Though he walked 3, Price had allowed just 1 H through his first 6.2 IP. A lot of that is a credit to the Rays' athletic defenders, who made a handful of fine plays to take hits away from the Twins. Then, suddenly, in a span of 4 pitches, Jason Kubel, Young and Danny Valencia ripped base hits, and the Twins were on top 2-1. The Rays responded with threats in the 8th and 9th, but Brian Duensing, Jesse Crain and Jon Rauch held them scoreless.

Twins 6, Rays 8

This was the matchup that seemed to favor the Twins, with Francisco Liriano starting against Wade Davis, a highly touted rookie who was having his struggles. Liriano delivered on his end, shutting the Rays down for 7 IP, 4 H, 1 ER, 1 BB and 10 K. The only run against him scored when, with a runner a 3rd, Crawford once again blazed his way aboard with a little swinging bunt single. One of the other hits Liriano gave up didn't reach the OF, either. One of these days, all of the grounders he induces will be converted into outs, and that will be a quick game.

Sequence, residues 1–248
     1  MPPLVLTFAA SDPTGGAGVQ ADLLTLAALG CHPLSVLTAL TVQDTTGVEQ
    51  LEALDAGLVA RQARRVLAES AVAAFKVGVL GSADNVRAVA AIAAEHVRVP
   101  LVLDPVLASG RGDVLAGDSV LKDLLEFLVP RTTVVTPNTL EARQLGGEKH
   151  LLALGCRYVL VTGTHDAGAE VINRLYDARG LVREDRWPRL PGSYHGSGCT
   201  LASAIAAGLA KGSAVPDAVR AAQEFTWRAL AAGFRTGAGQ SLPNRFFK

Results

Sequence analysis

On the offensive side, the Twins were all over Davis. He was rocked for 8 H (6 for extra bases), 4 ER, 3 HR and only 1 K in 4.1 IP. 2 of the HR came from Jim Thome, moving him ahead of Harmon Killebrew in career HR. There was a video message from the Killer, a couple of curtain calls for Thome. The game was under control, and it was the Twins' day.

Liriano came out after throwing 103 pitches, a slightly conservative move, but it was a hot, muggy day. Alex Burnett came in and got Jason Bartlett to hit a fly ball to RF that Cuddyer, who had just that minute been moved from 3B, let hit off his glove for a 2B. That should have been one out. Then Sean Rodriguez legged out an IF H on a slow chopper to SS. Jose Mijares came in and allowed a ground-rule double to Crawford, a ball that just landed fair down the LF line. Gardy went to Guerrier, whose first 2 pitches were raked for RBI H. In a span of 6 pitches, 3 relievers had undone Liriano's good work. Eventually, with the bases loaded and 2 out, PH Matt Joyce's deep fly to CF carried just over the fence. Span wasn't able to jump for it, because he collided with the wall. Catchable? Perhaps. But the ball that Cuddyer dropped certainly was. That extra out turned a 2 run rally into 7, and turned a comfortable win into shocking defeat.

Twins 4, Rays 7